From the first time I visited the pond, the abstract effects of sunlight and shadow on the water’s surface have seemed magical. The striped, blue shadows from tree trunks, intersecting with the reflections of distant trees, sets up a skewed grid in two dimensions. Fallen leaves serve to reinforce both the sense of time and the flat plain of the pond’s surface, while breaks in the duckweed allow us to see some of the darker reaches under the surface. Ultimately, the painting is about transience – the passing of time, weather, seasons, and our own thoughts. Detail below. Enjoy!
The return of light and sun signals spring – that too transient time of year when life bursts through and the outdoors beckons. At my pond in the woods, spring means sunlight sifting through the branches and dappling the water’s surface. The shadows are still quite long, and the beginnings of duckweed and pollen are creating their own intricate mosaic patterns. If only I could “borrow” another month of this joyful season. Since I can’t, I pretend, and this week I put myself squarely into spring with the painting Let the Moments Last. I incorporated early spring, with its profusive light through the somewhat bare trees, and a couple of weeks later, showing the return of green and growth. In a painting, you can slide time. Details are below. Enjoy!
Technical painting notes: I started this painting by rolling on colors, as with all my recent paintings. But I’ve been experimenting more with spatter – thinning the paint and carefully directing the spatter to suggest pollen, dust, young duckweed, etc. I use Liquin in the paint mixture to speed the drying, plus a touch of mineral spirits. I use old nylon watercolor brushes for a fine spray, tapping the handle against either my hand or another brush. For bigger drips, I use looser paint. For much bigger drips with slightly less control, I use an old chip brush (especially useful on the first layer, when I’m trying to get a lot done over the whole panel before the paint tacks up). Using a few mixed colors, never one, gives a more natural effect. Nature never repeats itself. With practice, an old paint brush can be more effective than airbrushing.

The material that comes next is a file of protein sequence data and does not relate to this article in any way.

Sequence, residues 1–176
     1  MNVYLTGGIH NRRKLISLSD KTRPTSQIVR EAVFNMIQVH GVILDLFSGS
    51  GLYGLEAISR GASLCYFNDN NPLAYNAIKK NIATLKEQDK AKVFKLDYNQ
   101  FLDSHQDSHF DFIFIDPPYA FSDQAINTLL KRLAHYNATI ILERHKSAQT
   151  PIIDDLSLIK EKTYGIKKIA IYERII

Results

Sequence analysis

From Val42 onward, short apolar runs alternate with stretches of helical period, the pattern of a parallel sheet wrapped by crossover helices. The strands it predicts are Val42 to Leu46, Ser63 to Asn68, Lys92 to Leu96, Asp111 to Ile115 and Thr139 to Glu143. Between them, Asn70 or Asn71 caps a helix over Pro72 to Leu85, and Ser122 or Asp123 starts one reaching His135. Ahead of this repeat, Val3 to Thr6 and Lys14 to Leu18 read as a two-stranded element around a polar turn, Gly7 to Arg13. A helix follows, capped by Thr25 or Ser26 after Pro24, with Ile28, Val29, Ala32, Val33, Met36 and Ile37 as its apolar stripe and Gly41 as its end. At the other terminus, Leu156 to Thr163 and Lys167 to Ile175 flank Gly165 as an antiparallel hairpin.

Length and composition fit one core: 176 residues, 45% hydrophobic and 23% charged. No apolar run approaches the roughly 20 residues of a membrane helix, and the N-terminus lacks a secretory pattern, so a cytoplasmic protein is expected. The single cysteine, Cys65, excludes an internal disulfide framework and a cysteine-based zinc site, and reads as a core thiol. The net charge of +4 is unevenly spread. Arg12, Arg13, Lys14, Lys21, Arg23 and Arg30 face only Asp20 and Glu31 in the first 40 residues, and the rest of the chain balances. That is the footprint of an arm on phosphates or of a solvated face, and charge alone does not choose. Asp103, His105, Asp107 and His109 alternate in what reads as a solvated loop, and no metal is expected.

There is no line between realism and abstraction – rather, there is a continuum in the way we perceive. Up close, the detail is real, but sometimes when we back away, the layered patterns dominate and the abstract impression is what we see – think of Claude Monet’s water-lily paintings. At other times, the opposite is true. The closer we look, the more abstract the image, as in some of Georgia O’Keefe’s flowers. Exploring perception is just one aspect of being an artist. The other is finding magic in that which is easily overlooked. Spring Redeems is based on an early spring walk, when last year’s leaves are mostly hidden under water, yet bare branches allow abundant light to tickle the pond’s surface. Patterns of sunlight and shade, competing reflections – how I love the delights of complexity. Details below. Enjoy!
Technical painting notes: I started this painting rolling on dark green, olive, and violet/burnt sienna tones in a loose manner, then used my usual solvent/oil mixture to disturb and streak the paint. Some scraping helped to define the tree trunks and limbs. When the underlayer was dry, I used mostly soft watercolor wash brushes to layer glazes of color that defined sky vs. vegetation. I also layered varicolored paint spatters to keep the surface interesting and to suggest pollen, dust, and baby duckweed. I directly painted the floating leaves, and used small dashed strokes to imply the incipient mat of vegetation that was beginning to develop – especially my old friend duckweed. Additional layers of glaze unified the colors. Pale blue glazes suggested a skim of shallow water over the underwater leaves. Blue violet glazes enhanced the feel of shadows across the pond’s surface.